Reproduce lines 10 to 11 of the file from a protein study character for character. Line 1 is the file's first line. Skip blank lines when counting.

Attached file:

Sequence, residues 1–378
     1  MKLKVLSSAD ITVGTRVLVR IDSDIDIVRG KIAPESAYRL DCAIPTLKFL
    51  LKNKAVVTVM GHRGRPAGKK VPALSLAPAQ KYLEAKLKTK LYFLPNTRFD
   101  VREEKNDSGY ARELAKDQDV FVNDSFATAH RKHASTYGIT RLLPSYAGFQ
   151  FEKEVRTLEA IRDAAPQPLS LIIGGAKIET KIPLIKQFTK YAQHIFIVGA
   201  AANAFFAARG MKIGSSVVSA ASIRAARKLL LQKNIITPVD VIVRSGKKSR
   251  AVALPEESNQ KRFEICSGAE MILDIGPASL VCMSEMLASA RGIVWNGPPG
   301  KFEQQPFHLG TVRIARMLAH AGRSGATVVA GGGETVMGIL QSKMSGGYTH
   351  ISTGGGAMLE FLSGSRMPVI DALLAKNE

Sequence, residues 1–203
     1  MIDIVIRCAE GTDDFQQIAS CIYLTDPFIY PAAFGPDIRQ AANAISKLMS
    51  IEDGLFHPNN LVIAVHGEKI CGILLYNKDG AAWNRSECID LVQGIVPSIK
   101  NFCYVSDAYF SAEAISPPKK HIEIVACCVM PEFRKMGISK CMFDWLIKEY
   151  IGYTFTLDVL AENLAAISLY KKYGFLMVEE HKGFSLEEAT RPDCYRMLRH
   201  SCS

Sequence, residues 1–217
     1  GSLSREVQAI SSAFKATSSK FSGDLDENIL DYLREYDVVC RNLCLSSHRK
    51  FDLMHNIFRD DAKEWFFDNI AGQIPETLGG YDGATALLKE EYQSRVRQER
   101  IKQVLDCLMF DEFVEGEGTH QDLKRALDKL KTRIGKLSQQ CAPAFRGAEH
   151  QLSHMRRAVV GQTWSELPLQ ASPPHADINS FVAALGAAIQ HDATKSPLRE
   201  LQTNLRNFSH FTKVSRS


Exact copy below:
Sequence, residues 1–203
     1  MIDIVIRCAE GTDDFQQIAS CIYLTDPFIY PAAFGPDIRQ AANAISKLMS